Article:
Every once in a while, I am reminded of the biblical scripture “you reap what you sow.” For whatever reason, some of us, human beings, believe we can practice dishonesty, wickedness and avariciousness without any consequences. When I was a teenager growing up in South America, there was a family who terrified our neighborhood with their threats of being able to cast evil spirits on anyone who made them angry. I remember we, my childhood friends and I, were never allowed into the Taylors’ home. Even though we all visited and ate in each other homes, the Taylors were off-limits to us.
I remembered once we – with the aid of one of the Taylors’ sons – were shown their living room. Situated around the room were several bottles with an object, corked, in each of them. I remembered the fear we all felt and later spoke of as each of us ran from the Taylors’ living room. After that day, we never visited the Taylors’ home. As a matter of fact, we stopped playing with them.
The Taylor brothers were constantly in trouble with law enforcement, but they never, as I recalled at the time, were convicted of any of their alleged crimes. The Taylors bragged about the objects in the bottles and their prowess to escape convictions. We in our limited and frightened state of minds attributed their supposedly invincibility to the power of the objects we saw in the bottles.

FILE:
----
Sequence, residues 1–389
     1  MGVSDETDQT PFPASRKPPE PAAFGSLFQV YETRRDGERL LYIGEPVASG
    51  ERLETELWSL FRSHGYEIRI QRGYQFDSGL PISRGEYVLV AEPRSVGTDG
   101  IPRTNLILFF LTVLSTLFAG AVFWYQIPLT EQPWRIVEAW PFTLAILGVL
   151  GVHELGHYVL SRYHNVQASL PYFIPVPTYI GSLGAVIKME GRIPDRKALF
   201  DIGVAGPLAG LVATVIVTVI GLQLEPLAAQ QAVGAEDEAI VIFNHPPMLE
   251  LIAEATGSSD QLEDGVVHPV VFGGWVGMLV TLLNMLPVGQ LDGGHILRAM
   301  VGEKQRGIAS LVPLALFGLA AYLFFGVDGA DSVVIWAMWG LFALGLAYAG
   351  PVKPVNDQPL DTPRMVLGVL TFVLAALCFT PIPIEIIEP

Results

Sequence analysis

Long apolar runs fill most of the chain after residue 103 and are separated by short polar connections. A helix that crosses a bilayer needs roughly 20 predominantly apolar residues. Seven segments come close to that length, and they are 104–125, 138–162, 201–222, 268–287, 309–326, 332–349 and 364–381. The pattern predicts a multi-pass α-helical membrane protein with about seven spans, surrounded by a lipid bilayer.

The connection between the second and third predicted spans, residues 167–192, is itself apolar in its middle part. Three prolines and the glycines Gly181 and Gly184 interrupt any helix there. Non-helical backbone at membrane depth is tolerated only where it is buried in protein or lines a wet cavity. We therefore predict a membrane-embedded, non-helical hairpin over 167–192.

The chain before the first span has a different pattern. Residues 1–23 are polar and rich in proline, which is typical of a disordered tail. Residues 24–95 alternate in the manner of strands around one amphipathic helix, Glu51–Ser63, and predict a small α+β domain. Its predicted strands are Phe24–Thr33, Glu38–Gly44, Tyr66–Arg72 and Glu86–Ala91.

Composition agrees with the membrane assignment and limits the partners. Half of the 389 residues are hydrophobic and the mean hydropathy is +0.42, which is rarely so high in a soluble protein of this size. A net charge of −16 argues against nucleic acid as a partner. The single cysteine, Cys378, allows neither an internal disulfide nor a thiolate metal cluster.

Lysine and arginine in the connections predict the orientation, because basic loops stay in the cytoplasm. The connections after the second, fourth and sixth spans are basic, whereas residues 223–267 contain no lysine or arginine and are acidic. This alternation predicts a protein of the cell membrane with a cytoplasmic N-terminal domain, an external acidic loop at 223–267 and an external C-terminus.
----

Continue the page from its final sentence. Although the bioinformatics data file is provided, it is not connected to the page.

Then one day, we saw their father, Mr. Taylor, the patriarch and most feared man in our neighborhood, walked with the aid of a cane and one of his sons directing his path. He was wearing sunglasses and seemed sad, feeble and helpless. The word spread in our neighborhood that Mr. Taylor had contracted blindness, because of his interactions with the objects in those bottles. We never found out what really caused Mr. Taylor’s blindness, but from that day forward Mr. Taylor was viewed as an evil and forbidden individual who reaped what he sowed.
I also learned from this life experience that if you play with fire you will “eventually” get burned.